Dozens of police donned riot gear to search the premises after smashing in the now boarded up doors of the Hat Factory Social Centre shortly after 3.30pm on Thursday afternoon. Many were wearing helmets and several in white police jump suits.
Two Aboriginal flags and several home-made banners had been unfurled along the property earlier in the week. One declared the property “reclaimed community space”.
Reading from a statement prepared by the group, resident Jack Summers-Webb said the eviction was difficult for residents, who intended to continue to reclaim unused buildings.
“This has been devastating for all of us, for the community and the people who live here,” Mr Summers-Webb said. “This is not the end for us; we’ll continue to do community spaces wherever we can.”
The exact number of residents affected is unclear. Mr Summers-Webb said there had always been between one and eight ongoing residents as well as a more itinerant group of 10 to 30.
Several of the residents, who declined to be named, said they had belongings locked inside the now-boarded up house. They claimed the space has been used as a squat since 2001.
According to the residents, the group also used the building to host a free library, a bicycle workshop, an open kitchen and used the lower level for performances and fundraisers.
“While housing prices in the city skyrocket, thousands of buildings sit empty and countless people struggle to find a roof over their heads. These buildings should serve as shelters for those in need, not as speculative capital for absent owners,” Mr Summers-Webb said.
Police said the intention was to remove the squatters so the owner could reclaim the property, but its residents had left by the time they arrived.
According to Australian Property Monitors, property prices in Newtown have increased by 58% in the last five years. The median house price is $985,000.
The Hat Factory occupies two blocks: 164-166 and 166-168 Wilson street. Both were purchased in May 1981 for $85,000 and $68,000 respectively.
Another property a few blocks down the street was purchased by the same owner in 1995.
The Hat Factory squatters claim the owner lives in the latter property, to which they have delivered letters and receipts for water rates and repairs for more than four years.
These letters are the core of the group’s claim for tenancy rights, which they will put to the NSW Civil and Administrative Tribunal at a hearing on August 8 in a booking that pre-dates the eviction.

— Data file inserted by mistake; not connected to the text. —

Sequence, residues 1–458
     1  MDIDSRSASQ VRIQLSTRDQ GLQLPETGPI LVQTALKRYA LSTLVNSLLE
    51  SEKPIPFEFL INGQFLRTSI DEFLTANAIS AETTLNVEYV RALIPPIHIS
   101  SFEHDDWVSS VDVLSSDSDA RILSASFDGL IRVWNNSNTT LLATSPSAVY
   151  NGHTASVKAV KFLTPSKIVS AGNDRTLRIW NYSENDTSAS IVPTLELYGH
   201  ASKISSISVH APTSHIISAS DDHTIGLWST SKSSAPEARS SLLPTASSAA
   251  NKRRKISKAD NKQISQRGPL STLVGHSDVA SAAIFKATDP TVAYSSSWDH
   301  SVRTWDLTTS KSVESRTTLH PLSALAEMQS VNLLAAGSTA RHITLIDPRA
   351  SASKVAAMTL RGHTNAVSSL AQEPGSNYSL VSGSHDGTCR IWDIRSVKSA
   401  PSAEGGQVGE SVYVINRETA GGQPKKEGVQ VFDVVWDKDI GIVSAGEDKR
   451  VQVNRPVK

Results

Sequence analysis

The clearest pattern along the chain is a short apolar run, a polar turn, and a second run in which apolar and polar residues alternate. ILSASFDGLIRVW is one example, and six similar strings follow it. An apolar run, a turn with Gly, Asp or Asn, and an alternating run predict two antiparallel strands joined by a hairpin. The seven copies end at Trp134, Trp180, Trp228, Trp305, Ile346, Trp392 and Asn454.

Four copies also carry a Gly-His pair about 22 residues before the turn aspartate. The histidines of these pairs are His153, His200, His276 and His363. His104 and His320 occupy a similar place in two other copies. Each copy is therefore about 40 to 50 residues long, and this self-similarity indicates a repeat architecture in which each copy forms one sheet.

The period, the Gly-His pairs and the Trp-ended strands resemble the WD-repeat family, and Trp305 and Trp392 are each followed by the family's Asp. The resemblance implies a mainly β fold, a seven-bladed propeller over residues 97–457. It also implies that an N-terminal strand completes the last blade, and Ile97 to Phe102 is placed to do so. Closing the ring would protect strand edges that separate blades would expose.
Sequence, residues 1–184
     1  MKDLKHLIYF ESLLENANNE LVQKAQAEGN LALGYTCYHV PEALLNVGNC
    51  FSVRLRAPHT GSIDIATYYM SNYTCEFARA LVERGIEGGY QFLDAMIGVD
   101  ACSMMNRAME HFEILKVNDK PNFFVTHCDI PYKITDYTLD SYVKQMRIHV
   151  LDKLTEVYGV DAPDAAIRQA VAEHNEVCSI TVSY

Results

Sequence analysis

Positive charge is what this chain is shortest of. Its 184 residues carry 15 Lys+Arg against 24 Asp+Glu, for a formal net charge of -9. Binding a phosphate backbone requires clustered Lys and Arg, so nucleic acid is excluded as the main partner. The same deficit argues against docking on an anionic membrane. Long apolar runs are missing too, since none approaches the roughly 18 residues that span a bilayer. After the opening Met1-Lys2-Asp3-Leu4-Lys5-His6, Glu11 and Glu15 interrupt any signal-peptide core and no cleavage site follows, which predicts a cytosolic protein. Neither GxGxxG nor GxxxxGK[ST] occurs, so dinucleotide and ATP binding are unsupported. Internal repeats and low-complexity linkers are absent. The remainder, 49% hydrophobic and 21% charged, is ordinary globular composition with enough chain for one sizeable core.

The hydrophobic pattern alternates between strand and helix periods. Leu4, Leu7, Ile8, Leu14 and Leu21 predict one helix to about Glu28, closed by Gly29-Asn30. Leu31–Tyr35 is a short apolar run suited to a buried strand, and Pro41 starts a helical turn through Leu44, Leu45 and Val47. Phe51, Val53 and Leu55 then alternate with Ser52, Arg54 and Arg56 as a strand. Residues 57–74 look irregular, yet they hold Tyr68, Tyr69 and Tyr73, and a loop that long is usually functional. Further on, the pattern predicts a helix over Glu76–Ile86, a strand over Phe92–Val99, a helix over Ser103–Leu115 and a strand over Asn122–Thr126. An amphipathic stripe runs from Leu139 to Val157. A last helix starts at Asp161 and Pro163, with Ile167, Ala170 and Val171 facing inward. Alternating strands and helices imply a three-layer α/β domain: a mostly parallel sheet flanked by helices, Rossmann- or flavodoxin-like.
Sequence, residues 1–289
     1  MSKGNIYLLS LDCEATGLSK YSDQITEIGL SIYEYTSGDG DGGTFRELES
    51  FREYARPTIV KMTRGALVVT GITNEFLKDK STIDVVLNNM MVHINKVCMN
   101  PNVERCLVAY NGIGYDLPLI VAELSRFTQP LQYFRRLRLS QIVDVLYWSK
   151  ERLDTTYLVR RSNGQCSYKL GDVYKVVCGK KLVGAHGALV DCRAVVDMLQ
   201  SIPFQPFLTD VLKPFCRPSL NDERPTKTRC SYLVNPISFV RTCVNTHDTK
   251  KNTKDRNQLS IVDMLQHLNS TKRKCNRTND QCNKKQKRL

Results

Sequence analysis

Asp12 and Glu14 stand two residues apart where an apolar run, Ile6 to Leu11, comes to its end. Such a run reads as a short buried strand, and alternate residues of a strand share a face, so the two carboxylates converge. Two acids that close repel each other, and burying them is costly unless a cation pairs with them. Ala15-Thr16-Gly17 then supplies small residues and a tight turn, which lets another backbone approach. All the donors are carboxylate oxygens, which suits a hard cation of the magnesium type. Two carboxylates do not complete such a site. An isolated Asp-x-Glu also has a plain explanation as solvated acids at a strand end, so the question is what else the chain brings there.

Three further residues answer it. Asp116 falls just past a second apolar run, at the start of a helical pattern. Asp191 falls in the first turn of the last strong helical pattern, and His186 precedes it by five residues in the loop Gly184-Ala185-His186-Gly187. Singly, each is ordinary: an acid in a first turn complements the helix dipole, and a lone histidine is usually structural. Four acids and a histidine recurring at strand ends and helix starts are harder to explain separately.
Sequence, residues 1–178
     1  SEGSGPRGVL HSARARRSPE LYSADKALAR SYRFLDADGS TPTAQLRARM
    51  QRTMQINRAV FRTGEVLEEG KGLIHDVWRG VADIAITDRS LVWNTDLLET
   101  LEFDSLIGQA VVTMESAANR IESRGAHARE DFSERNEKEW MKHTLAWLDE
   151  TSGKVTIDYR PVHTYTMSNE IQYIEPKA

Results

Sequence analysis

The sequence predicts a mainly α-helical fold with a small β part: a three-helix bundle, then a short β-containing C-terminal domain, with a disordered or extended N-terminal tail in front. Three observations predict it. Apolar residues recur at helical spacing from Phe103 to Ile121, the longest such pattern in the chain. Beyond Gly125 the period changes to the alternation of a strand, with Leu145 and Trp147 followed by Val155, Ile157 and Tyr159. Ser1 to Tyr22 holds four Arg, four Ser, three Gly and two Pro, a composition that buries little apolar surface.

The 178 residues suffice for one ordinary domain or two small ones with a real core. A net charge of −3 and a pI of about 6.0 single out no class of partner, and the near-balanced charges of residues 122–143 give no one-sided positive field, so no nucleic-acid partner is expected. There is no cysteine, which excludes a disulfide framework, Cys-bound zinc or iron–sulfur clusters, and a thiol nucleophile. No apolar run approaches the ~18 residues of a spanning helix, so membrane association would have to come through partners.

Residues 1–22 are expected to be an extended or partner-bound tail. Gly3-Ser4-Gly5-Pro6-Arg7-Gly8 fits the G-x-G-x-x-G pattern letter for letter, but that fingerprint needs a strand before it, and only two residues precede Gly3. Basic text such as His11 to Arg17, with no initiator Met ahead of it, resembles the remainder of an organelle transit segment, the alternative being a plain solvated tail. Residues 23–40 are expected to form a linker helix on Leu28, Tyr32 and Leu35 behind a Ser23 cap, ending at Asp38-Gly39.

Mr Summers-Web said the group was not attempting to continue living in the premises but were fighting to get a proper eviction period.
He told Fairfax Media they were first given two days’ notice that was later extended to a week. This notice period lapsed on Wednesday, the day before the police raid.
Chris Martin, the senior policy advisor for the NSW Tenants Union, told Fairfax Media the union had spoken to the squatters but was not acting for them at this stage.
According to Dr Martin, the core issue for squatters is proving they are tenants, which would entitle them to at least a month’s notice of eviction.
“A tenant is someone who is granted a permit to occupy a premise in exchange for value. In 99 per cent of cases, the value that changes hands is money, as in rent. But it could be doing work on the place or for the owner, as that’s value also,” Dr Martin said.
He added the only appropriate place for tenancy claims to be resolved was at NCAT tribunal hearings.
Evictions of tenants require an order to from NCAT that is executed by the NSW Sheriff’s Office.
“It would be a brave or perhaps foolish landlord or police officer for that matter who thinks they know how the tribunal might determine any case.”
The City of Sydney Council, in which the property resides, has confirmed the eviction was instigated by the property owner.
A spokesman for the council told Fairfax Media officers had twice attempted to inspect the property in the last month after a complaint about public health and safety matters but were prevented from entering by the squatters.
Stephen Gibson has been living on Wilson Street for 30 years and said the raid took the neighbourhood by surprise. He described the use of police, particularly the riot squad, as overkill.
“The people there have been incredibly quiet and you would not have known they were there. The banners are atypical,” he said. “I have walked my dog past for years, and always thought ‘good on you’,”.